We aren't told its both, we are told it has properties of both, and even in the multiverse theory it still has properties of both. It still acts as a wave it merely diffracts with a "particle" from another universe rather than itself.
I think that is the point of the multiverse theory, in that the duality explanation seems somewhat of a copout. It is used to provide an explanation for a behaviour of a particle which appears to be neither entirely a wave nor a particle but exhibits characteristics of both. So we are told that it is both - if you think about it, it is no harder to believe this than the multiverse theory
I really don't see how its a cop out, multiverse theory is interesting and captures the public imagination a lot but the majority view still sides with standard wave-particle duality.
You are imagining particles to be little balls that is where your problem lies, if you accept "particles" are not little balls that infact they are nothing like little balls, there ceases to be a problem.
Remember particles have been proven to just disapear from one point in our universe and reappear in another point. So where was it inbetween?
Not really, because you can get a diffraction pattern with "one" normal wave (like sound or a water wave) in exactly the same way, waves split when they hit multiple slits.
But doesn't it strike you as odd that even a single "wavicle" can produce an interferance pattern when this is caused by two waves interacting and cancelling each other out in certain areas?
The wavefunction does exactly the same thing, the wave function is a waveform which governs the probability of finding the "particle" at any point.
I don't see a problem.
That is where the duality is a problem.
Balls only bounce when they are dropped, the observed charactertistics of an object are often linked to circumstance, in different (but speicific) circumstances different characteristics of a "particle" are observed.
The particles are only waves while many are being sent,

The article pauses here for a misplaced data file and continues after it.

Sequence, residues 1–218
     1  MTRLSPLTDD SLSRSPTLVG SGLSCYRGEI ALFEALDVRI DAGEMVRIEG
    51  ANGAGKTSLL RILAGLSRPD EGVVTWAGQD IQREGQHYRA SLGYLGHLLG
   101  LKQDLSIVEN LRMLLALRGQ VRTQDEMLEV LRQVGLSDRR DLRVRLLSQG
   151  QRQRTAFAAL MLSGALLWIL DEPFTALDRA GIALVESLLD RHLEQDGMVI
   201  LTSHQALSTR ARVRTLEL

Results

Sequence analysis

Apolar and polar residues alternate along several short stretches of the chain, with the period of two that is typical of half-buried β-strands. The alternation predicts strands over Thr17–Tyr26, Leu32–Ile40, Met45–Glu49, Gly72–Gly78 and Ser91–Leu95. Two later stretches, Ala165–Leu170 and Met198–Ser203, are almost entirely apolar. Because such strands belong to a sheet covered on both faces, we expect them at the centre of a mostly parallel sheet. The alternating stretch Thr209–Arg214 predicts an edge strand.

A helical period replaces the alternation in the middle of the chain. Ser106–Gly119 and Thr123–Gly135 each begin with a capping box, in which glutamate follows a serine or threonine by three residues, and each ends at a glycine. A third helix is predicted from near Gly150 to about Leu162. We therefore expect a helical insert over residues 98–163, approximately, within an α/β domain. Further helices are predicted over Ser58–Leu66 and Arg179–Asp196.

And single "particles" still act as waves, whether they be a single photon or electron producing a diffraction pattern or the electron in the orbital of a hydrogen atom.
You can choose to add in the "but their interacting with stuff from other universes", but you don't necessarily need to.
"Particles"are never ever little balls, they are always objects with wave-like and of particle-like properties: Sometimes they are seen to act like waves, and sometimes they are seen to act like little balls.
and when you sending a single one at a time they are particles.
We humans dislike this idea because there is nothing on our scale of perception that matches this behaviour, our brains have evolved to comprehend a world with ranges between grains of sand and mountains, and so things in that range are intuitive and "make sense".
Its only been taken up (and its not actually used in the literature very much its just used when attempting to explain some of the ideas in quantum mechanics) as terminology because our traditional concept of particles is fundamentally flawed in light of quantum mechanics.
Wavicles are an idea that was created to explain an almost unexplainable dilema - but like many of Newtons theories,
There is not necessarily a problem with what we are seeing, that doesn't mean that there isn't more to it, multi-universe theory might turn out to be right, BUT it doesn't have to be, the current explanation could be correct, the mainstream view is still that it is.
they'll do for now, but they are not perfect as our understanding of physics hasn't matured enough to fully udnerstand the implications of what we are seeing